Eucharistic Prayer C

As I discussed yesterday, when I look at the statistics for this blog I see some recurring themes with respect to those who find this blog via search. One of my blog entries that keeps popping up is one about Eucharistic Prayer C in the Episcopal Book of Common Prayer. I went back and looked at it and I feel a little bit bad about that, because it’s not a very good blog entry. I don’t really say much at all there.

I think Eucharistic Prayer C deserves more attention than that. It is my favorite of all of the Eucharistic prayers. In the Episcopal churches I have attended the standard prayer on most Sundays is Eucharistic Prayer A. At Good Shepherd Episcopal here in Hemet, in the past year we have switched to Eucharistic Prayer B the seasons of Advent, Christmas, and Easter. It’s a nice change, because it forces me to listen to the words, to read along in the prayer book, as opposed to the very familiar words of Eucharistic Prayer A. I don’t think I’ve ever been in a worship service where Eucharistic Prayer D was used.

For me, however, it is Eucharistic Prayer C that has the most powerful words.

God of all power, Ruler of the Universe, you are worthy of
glory and praise.
Glory to you for ever and ever.

At your command all things came to be: the vast expanse of
interstellar space, galaxies, suns, the planets in their courses,
and this fragile earth, our island home.
By your will they were created and have their being.

But the prayer also admonishes us:

Lord God of our Fathers: God of Abraham, Isaac, and
Jacob; God and Father of our Lord Jesus Christ: Open our
eyes to see your hand at work in the world about us. Deliver
us from the presumption of coming to this Table for solace
only, and not for strength; for pardon only, and not for
renewal. Let the grace of this Holy Communion make us one
body, one spirit in Christ, that we may worthily serve the
world in his name.
Risen Lord, be known to us in the breaking of the Bread.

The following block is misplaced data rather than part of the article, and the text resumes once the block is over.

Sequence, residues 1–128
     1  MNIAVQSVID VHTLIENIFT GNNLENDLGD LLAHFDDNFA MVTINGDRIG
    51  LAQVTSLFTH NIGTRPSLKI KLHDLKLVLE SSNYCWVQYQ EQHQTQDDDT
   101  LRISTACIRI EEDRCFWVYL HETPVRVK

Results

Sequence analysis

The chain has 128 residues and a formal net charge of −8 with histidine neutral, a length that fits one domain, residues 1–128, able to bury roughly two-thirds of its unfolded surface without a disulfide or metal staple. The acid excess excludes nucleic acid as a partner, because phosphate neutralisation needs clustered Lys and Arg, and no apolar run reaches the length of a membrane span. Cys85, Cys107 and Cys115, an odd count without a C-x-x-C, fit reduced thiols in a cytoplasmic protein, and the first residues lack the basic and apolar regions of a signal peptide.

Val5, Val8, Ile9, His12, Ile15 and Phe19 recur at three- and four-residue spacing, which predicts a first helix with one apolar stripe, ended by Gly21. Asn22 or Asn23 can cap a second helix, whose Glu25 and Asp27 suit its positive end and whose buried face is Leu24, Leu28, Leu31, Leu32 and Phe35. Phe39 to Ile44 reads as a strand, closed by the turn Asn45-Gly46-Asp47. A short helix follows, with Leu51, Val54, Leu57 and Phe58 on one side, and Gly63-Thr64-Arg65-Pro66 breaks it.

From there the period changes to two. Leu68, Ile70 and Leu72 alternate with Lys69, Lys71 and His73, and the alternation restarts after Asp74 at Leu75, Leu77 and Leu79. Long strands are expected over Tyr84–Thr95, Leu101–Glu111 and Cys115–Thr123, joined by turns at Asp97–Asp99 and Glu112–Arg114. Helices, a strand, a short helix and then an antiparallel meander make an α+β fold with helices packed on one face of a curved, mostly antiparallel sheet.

The words that stick with me are:

quoteDeliver us from the presumption of coming to this Table for solace only,
and not for strength;
for pardon only, and not for renewal.

Those are words that I need to hear. And hear again.

I wish that I had the opportunity to experience Eucharistic Prayer C more often in worship, but it’s always there in the prayer book whenever I want to turn to it.

You can find Eucharistic Prayer C in the The (Online) Book of Common Prayer. Navigate: The Holy Eucharist > The Holy Eucharist: Rite II > Eucharistic Prayer C.


5 Comments on “Eucharistic Prayer C”

  1. Athanasius Lewis says:

    Interesting. You’re the first person I’ve ever read who actually likes Eucharistic Prayer C, often referred to as “The Star Wars Prayer”. I’ve been to parishes where it’s literally banned from being used; I’ve actually never been to a Mass where it has been used.

    That being said, I’m a cranky young Anglo-Catholic who doesn’t like the 1979 BCP, let alone Rite II. I’m a ’28 man all the way. 😉

  2. Kelly Long says:

    I came across this blog entry because I wanted to find the words in the prayer. We were at lunch with our family today and discussing the fact our new priest only uses prayer A. I miss what many Episcopalians refer to as the Star Wars prayer because of the way it starts in the universe then comes down to our planet. I just wanted to say that I agree with everything you said.

  3. Amy Freeman says:

    I came across this blog while looking for feedback on Eucharistic Prayer C, my favorite of all the Eucharistic Prayer options in the 1979 BCP. Eucharist Prayer C has always resonated with me. From my earliest of times, (cradle Episcopalian here) I have been keenly aware of my connection to the natural world and this worlds connection to a more vast universe. My vocation, not surprisingly, has been in what might be thought of as within the environmental field, has allowed for and encouraged me to keep that childlike wonder and interest in the smallest of microorganisms to the “vast expanse of interstellar space” and our connection to all of it. My work has been in composting and organics management, soil health and growing nutrient dense food. I am serving on the Creation Care Task Force for the Diocese of Western and Eastern Michigan. As we discern how to support our churches and congregations toward the consideration of issues related to the care, remediation, and sustainability of the environment, we work to understand the connection to our mission as a task force on creation care and the actual connection to the world about us and beyond, and the effects of our very being on this planet and beyond. Eucharistic Prayer C helps me to see, feel and to inwardly digest the amazingness of God’s Creation. I do struggle with “you made us the rulers of creation” (see where that has gotten us!) – much preferring the word “stewards” in place of rulers. The call to come to the table for strength and renewal, not only for solace and pardon, make me want to be more responsible for this creation and bids me more resolve to care and connect to this fragile Earth our Island Home. PS, the new images coming from NASA’s James Webb Telescope have connected me to the words, the vast expanse of interstellar space, galaxies, suns the planets in their courses, and this fragile Earth, our island home. May we all see our connection and our responsibility to care for God’s amazing creation!!


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